• Include lifetime information. A novel key factor in our approach is the combination of sFCS data with time-resolved data acquisition. The fluorescence lifetime provides an additional contrast, enabling e.g., the unmixing of multiple luminescent species in a sample. In addition, advanced excitation schemes such as Pulsed Interleaved Excitation (PIE) are available for multi-species approaches.

PicoQuant's sFCS solution

PicoQuant aims to make this novel approach of time-resolved sFCS accessible to a wider audience and offers the following:

  • Spatiotemporal correlation plot generated by the MatLab code developed in collaboration with Jörg Enderlein (Georg August University Göttingen).Data acquisition. A new line scanning mode for sFCS using the fast x-axis of the FLIMbee scanner is introduced in the SymPhoTime 64 software for the MicroTime 200. This enables the collection of time-resolved sFCS data using any MicroTime 200 equipped with a FLIMbee scanner.
  • Data analysis. The acquired data can be analyzed using external third-party software options that are available free of charge. In order to also gain access to the fluorescence lifetime information in sFCS analysis, PicoQuant offers a ready-to-use Matlab code developed in collaboration with Jörg Enderlein (Georg August University Göttingen). This code will be available as open source.

PicoQuant's sFCS solution

MicroTime 200 with FLIMbee galvo scanner add-onPicoQuant aims to make this novel approach of time-resolved sFCS accessible to a wider audience and offers the following:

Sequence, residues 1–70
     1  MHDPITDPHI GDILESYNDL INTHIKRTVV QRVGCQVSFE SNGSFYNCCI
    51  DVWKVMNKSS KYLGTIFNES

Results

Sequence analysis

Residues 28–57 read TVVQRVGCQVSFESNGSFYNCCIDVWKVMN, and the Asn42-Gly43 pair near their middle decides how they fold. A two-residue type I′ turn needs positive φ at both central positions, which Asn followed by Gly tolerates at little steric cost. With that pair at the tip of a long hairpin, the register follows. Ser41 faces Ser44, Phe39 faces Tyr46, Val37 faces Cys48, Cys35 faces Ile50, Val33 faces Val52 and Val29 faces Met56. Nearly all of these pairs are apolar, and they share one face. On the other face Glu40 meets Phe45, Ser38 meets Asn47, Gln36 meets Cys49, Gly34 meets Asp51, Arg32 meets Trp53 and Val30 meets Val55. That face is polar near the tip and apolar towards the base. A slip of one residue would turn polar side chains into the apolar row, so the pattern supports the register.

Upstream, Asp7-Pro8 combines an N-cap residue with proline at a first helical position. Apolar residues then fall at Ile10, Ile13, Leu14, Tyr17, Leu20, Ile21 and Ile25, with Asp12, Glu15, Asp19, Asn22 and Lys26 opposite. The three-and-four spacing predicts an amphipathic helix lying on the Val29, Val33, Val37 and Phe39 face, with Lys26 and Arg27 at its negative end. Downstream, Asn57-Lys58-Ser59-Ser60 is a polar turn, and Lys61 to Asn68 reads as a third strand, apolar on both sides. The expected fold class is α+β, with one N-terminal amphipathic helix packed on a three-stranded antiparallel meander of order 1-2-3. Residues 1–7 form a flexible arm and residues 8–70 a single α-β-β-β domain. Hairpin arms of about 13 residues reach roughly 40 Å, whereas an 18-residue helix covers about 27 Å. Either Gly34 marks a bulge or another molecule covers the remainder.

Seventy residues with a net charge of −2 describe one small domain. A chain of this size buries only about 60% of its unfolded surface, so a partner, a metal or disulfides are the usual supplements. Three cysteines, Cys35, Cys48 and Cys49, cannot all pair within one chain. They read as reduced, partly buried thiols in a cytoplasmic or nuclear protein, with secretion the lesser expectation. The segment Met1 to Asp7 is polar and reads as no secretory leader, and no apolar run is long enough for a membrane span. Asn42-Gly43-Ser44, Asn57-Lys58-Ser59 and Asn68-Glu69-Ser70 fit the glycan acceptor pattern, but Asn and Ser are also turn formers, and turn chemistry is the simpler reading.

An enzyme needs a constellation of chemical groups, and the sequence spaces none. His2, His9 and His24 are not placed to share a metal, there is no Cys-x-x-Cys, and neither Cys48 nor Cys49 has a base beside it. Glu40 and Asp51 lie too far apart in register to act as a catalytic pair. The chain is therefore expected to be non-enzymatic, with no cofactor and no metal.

• Data acquisition. A new line scanning mode for sFCS using the fast x-axis of the FLIMbee scanner is introduced in the SymPhoTime 64 software for the MicroTime 200. This enables the collection of time-resolved sFCS data using any MicroTime 200 equipped with a FLIMbee scanner.
  • Data analysis. The acquired data can be analyzed using external third-party software options that are available free of charge. In order to also gain access to the fluorescence lifetime information in sFCS analysis, PicoQuant offers a ready-to-use Matlab code developed in collaboration with Jörg Enderlein (Georg August University Göttingen). This code will be available as open source.

Sketch of a typical scanning FCS set-upBesides the MicroTime 200 equipped with the FLIMbee add-on, PicoQuant also offers some of the necessary parts to built your own sFCS set-up from scratch:

Scanning FCS can be used for a wide variety of applications, including:

  • photodynamic investigations in model and cell membranes
  • study of membrane organization including lipid domains or rafts
  • distribution and dynamics of membrane proteins
  • molecule oligomerization in the interior of live cells
  • biological molecular mobility, effect on cell physiology
  • transient binding events in living cells

Improved Event Statistics

Comparison single point FCS vs. scanning FCSIn this example, the diffusion of lipids labeled with KK114-DPPE (0.2 µg / ml) in in a supported lipid bilayer made of DOPC (1 mg / ml) was investigated both with conventional FCS and sFCS. For the conventional measurement (upper panel), data was acquired with 10 separate point measurements, each with a duration of 12 s. An average diffusion time of 10.7 +/- 1.2 ms was obtained.

In the scanning FCS experiment, 10 individual line measurements were carried out with an acquisition time of 6 s per line. Each line measurement comprised 25000 lines with 100 pixels / line, and 2.4 µs dwell time per pixel. Total acquisition time was only 60 s in this case and an average diffusion time of 10.5 +/- 0.76 ms was determined.